Whether you’re an entertainer, gamer, or small business, showing up online with great content on a regular basis is key. When it comes to engaging content, video is king, and king among kings is live streaming. So, it makes sense to try out live streaming for yourself if you’re trying to grow any brand or even if you just want something fun and engaging to do in your spare time.
Here are the fundamentals of the live streaming equipment you'll need to get started.
You need two basic things to livestream:
If you have a smartphone, you already have all the equipment you need because your phone has a camera and microphone and can connect to any existing streaming app as long as you have internet access. You can get started right away with that.
You may find that you want to improve quality for at least some of your streams, though, so you'll probably want to start with a few upgrades.
No matter how good your image is, what really determines the level of perceived quality in video content is sound. Unless you’re throwing down a quick and dirty mobile update on the go, the first upgrade you’ll want to make is a microphone.
The key point here: get the microphone close to you. The farther it is from you, the more amateur you’ll sound. A simple lavalier microphone can cost as little as $12 and work wonders here. Many live streamers opt for headset mics instead, but the concept is similar.
Another option USB podcasting mic, such as the Blue Yeti USB microphone. For anywhere from $100 to $300, a USB microphone may be all you need.
If you want to go pro, standard XLR mics aren’t that much more expensive, and even the industry standard for broadcast mics, the ElectroVoice RE-20, is under $500.
Just remember that an XLR mic requires an audio interface – another cost and complication. In the long run, it’s worth it for great audio and the option to record, but don't consider it a must-have early on.
You can pay anywhere from around $50 and up into the thousands for a video camera capable of streaming. Of course, how much you spend depends on how much video quality you want and how many features you really need.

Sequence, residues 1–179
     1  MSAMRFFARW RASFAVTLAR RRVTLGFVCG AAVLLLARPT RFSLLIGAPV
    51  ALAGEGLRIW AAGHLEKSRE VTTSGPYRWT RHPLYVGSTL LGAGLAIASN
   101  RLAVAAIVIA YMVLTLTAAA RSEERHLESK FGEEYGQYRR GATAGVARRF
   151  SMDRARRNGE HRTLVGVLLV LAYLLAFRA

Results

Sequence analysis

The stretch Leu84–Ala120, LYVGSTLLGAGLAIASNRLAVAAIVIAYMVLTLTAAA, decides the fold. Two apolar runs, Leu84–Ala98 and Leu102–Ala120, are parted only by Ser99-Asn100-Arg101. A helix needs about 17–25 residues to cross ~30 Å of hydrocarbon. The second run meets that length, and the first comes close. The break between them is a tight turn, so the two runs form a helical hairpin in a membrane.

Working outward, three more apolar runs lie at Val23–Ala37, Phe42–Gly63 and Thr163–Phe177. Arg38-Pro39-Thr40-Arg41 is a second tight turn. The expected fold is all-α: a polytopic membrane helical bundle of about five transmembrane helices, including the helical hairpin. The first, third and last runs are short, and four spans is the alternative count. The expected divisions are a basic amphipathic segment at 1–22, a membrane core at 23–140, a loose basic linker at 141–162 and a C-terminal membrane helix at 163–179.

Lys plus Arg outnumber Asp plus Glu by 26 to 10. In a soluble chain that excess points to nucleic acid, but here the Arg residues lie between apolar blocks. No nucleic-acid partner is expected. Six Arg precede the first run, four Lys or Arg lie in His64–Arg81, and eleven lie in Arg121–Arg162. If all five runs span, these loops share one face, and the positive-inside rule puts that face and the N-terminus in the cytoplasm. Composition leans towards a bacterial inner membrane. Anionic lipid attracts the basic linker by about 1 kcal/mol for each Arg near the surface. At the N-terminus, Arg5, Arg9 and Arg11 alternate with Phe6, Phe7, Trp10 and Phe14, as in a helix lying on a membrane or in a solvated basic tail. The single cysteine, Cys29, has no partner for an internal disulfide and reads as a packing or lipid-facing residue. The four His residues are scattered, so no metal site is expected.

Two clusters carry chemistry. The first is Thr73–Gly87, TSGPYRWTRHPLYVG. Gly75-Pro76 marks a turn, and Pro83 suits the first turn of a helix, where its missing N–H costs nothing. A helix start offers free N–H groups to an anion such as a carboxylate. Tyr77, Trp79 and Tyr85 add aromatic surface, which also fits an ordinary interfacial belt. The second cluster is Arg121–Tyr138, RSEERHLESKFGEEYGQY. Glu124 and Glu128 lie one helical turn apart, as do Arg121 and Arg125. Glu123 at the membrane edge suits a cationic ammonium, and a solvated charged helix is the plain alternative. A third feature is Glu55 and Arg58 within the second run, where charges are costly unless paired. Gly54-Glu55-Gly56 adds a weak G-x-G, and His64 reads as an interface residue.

At the lower end of the spectrum, entry-level streaming cameras such as the Logitech C930e do a great job with no fuss. Cameras like this are simple USB devices and usually come with a built-in microphone, so if you have yet to upgrade your mic, you've got a good start.
With good lighting (easily achieved with a big window), entry-level cameras can look great. 1080p is enough resolution for most streaming purposes. Many pros use this level of camera and never upgrade.
For more control over your image, you may want to upgrade to a prosumer DSLR camera. They cost anywhere from $800 to $3000 but add the option of shooting in 4k (handy if you want to record livestreams) and a lot more image control.
Pro cameras with all the bells and whistles give you even more image control, durability, ergonomics, lens exchange, and everything else you’d expect to get in a real broadcast studio – provided you can spend enough. Pro-level cameras can cost anywhere from $1500 to $20,000 and on up. In the middle of this range, a great option is the Panasonic AG-CX350 4k Camcorder.
When you go pro, the thing to bear in mind is that you’ll need to know what you’re doing. Pro cameras don’t just hook to a USB connector and plug and play. You may even need a hardware livestreaming encoder to properly compress video for streaming, which adds cost and complication.
Livestreaming isn’t complicated on the surface, but it’s a deep subject. We’ve covered the two major basic types of equipment you’ll need besides a phone, laptop, or desktop computer. To improve quality immensely, start with your microphone and camera. Whether you stream to Facebook, Twitch, YouTube, or any other platform, a camera and mic will always be there.